The last decade in energy and climate affairs evokes mixed feelings.
On the one hand, it has been a time of alarming events. Unstable prices and growing global demand intensified competition for energy resources. Economic crises, the power of monopolies and a denial of humanity’s impact on the climate combined to thwart technological advancements and a major diplomatic breakthrough. No wonder that climate conferences were failing and warming remained uncontrolled.
When the global economy recovered, billions were put into disputable and uncoordinated schemes to support energy production and consumption. States kept imposing diverging rules that hurt their economies and distorted competition instead of stopping waste of resources and creating unified European subsidy principles. Public spending which was aimed at “breaking the ice” in fact prevented changes with little merit and large burden on the consumers.
At the same time natural shift to innovative energy solutions, including the reduction of the cost of renewables was slow. Climate change-related obligations went unenforced, as oil and gas monopolies got even stronger. Traditional energy infrastructure that connects markets remained underdeveloped. Energy was repeatedly used as an instrument for the “divide and rule”, “punish or reward”, “blackmail or bluff” policy in international relations. Even the related global consequences – growing global extremism and increasing migration – did not inspire a breakthrough. A low-carbon, reliable and depoliticized energy sector remained a dream in the overwhelming majority of states.
American shale, Chinese solar panels
On the other hand, over the last five years things got changing. American shale caused a revolution in energy geopolitics: dependencies that seemed perpetual vanished nearly overnight. The EU states and supranational institutions took the decisions that helped to solve the problem of “energy islands” - isolated and inefficient energy markets - and reject the consumption of coal, replace considerable portion of fossil fuel with saved energy and renewables. China turned from the key oil, gas and coal importer and the biggest carbon emitter into the world’s largest solar panel maker and exporter.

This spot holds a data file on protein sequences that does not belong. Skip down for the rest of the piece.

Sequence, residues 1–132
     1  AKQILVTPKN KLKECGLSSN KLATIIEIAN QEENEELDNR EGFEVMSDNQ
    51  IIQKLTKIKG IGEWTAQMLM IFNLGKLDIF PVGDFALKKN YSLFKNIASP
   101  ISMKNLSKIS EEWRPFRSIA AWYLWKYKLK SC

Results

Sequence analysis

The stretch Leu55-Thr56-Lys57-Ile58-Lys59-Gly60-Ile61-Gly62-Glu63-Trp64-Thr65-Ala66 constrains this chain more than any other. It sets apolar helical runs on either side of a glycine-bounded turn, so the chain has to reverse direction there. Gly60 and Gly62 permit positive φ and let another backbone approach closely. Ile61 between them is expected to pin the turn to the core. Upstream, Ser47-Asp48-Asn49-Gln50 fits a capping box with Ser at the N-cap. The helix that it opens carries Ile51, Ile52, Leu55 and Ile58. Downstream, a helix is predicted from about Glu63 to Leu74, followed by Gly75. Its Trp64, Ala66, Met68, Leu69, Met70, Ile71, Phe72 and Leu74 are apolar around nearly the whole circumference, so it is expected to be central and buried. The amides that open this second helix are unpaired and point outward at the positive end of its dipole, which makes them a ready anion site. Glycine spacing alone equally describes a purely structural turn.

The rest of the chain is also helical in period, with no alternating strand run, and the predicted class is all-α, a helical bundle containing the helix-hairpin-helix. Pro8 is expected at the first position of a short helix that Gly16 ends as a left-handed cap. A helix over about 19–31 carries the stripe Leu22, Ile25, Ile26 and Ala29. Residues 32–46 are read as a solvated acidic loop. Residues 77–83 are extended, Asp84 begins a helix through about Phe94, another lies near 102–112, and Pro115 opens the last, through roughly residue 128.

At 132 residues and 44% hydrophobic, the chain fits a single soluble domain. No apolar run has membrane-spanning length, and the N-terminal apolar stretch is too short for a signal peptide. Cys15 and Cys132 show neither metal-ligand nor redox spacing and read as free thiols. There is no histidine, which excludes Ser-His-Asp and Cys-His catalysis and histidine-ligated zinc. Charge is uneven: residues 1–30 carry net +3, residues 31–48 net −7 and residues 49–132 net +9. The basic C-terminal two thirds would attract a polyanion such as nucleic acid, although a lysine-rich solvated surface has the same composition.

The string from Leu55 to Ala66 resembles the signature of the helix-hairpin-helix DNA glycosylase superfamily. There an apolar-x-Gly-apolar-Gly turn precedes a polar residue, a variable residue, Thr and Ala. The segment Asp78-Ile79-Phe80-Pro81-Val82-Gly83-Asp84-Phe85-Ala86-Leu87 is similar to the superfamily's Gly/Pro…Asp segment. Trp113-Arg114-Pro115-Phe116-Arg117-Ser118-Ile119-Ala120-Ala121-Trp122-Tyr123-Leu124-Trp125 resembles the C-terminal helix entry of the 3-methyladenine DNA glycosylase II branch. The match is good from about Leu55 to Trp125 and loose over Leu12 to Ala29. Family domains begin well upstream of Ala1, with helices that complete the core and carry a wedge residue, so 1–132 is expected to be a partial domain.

Governments in the entire world realized that goals related to climate change prevention could boost, not impede, economic development. As renewables became competitive, economics (not politics, fears or beliefs) started to change the prevailing rhetoric from “should be done” to “will be done”.
Nevertheless, much is left to accomplish if nations want to integrate renewables into the grid, ensure reliability of service and prevent irreversible processes related to climate change.
From fossil fuels to renewables in Lithuania
In the Baltic Sea region, in a very short period we have shifted from almost complete dependency on fossil fuels and single suppliers to the position where we can choose the source, supplier or even opt to produce energy instead of only consuming it.
Lithuania has reached a stage where energy production from renewables accounts for more than half of the whole electricity and heat production. In 2016 we will double the installed capacity of wind energy and expand our biomass exchange. Electricity interconnections that we built with Poland and Sweden will solve the problem of reliability – so crucial for energy production from renewables.